Summarizing, Foucault describes the National Socialist State as follows:
The Nazi State makes the field of the life it manages, protects, guarantees, and cultivates in biological terms absolutely coextensive with the sovereign right to kill anyone, meaning not only other people, but also its own people. There was, in Nazism, a coincidence between a generalized biopower and a dictatorship that was at once absolute and retransmitted throughout the entire social body by this fantastic extension of the right to kill and of exposure to death. We have an absolutely racist State, an absolutely murderous State, and an absolutely suicidal State. A racist State, a murderous State, and a suicidal State. The three were necessarily superimposed, and the result was of course both the “final solution” (or the attempt to eliminate, by eliminating the Jews, all the other races of which the Jews were both the symbol and the manifestation) of the years 1942-1943, and then Telegram 71, in which, in April 1945, Hitler gave the order to destroy the German peoples own living conditions (260).
The self-obligation to differentiate belongs to the task of a critique of violence; for the task of the critique of violence, as Benjamin establishes in the first sentence of his essay, can only be defined as “that of expounding its relation to law and justice”, since a “cause, however effective”, only becomes violent “only when it enters into moral relations” (Benjamin: 236). Agambens elevation of the camp to the matrix of modernity, his globalizing explanation of the state of exception to the rule, removes itself from history. In this very abstraction, an abstraction that carries with it a further abstraction from “ethical relations”, he carries out the violence which he purports to criticize.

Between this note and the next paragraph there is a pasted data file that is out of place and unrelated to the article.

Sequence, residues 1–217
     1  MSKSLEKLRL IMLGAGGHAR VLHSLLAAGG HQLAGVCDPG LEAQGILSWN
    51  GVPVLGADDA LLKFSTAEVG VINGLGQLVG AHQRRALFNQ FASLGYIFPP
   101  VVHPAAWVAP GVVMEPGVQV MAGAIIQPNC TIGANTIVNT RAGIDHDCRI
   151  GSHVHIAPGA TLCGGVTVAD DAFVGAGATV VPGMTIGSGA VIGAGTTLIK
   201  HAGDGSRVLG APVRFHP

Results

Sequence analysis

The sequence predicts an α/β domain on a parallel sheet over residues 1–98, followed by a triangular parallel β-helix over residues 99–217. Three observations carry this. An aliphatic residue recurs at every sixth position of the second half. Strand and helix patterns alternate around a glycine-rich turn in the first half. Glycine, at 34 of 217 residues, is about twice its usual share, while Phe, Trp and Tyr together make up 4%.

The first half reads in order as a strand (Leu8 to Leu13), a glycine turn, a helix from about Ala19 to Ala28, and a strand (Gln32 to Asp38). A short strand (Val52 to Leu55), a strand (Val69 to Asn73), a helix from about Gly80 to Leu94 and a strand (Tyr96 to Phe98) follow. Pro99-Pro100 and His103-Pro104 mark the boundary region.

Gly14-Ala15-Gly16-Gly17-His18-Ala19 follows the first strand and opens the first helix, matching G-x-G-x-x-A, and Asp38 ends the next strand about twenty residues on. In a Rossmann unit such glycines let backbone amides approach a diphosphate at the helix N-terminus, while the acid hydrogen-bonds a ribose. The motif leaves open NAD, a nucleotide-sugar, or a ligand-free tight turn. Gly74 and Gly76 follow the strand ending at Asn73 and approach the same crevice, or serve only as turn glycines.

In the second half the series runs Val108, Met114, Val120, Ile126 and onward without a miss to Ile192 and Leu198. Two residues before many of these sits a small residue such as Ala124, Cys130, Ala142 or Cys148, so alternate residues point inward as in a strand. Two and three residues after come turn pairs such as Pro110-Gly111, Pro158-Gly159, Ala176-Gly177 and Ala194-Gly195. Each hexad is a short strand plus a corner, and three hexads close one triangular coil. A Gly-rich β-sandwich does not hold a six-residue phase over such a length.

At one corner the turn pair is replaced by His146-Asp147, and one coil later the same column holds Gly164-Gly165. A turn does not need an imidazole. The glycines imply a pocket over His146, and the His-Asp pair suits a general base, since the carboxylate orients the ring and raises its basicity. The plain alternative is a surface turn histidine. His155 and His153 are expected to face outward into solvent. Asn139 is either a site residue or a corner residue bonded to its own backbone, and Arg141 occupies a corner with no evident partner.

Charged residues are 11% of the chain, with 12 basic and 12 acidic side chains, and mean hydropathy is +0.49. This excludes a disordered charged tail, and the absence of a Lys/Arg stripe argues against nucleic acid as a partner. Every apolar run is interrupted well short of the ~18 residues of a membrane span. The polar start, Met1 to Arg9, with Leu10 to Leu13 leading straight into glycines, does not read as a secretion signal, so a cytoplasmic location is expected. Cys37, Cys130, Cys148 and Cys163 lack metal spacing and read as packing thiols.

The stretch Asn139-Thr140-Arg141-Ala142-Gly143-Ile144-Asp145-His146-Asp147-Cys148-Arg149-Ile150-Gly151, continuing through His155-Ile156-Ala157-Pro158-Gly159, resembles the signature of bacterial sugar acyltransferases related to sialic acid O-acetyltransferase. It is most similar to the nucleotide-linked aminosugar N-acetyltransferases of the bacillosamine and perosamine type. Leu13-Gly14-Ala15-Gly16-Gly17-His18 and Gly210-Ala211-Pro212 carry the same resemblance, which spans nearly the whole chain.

1. I have translated both “das bloße Leben” and “nacktes Leben” as “bare life throughout, in accordance with the English translation of Homo Sacer [CED].
2. Cf. Agamben 1995: 19. “What is at issue in the sovereign exception is not so much the control or neutralization of an excess as the creation and definition of the very space in which the juridico-political order can have validity. In this sense, the sovereign exception is the fundamental localization (Ortung ), which does not limit itself to distinguishing what is outside and inside, the normal situation and chaos, enter into those complex topological relations that make the validity of the juridical order possible”.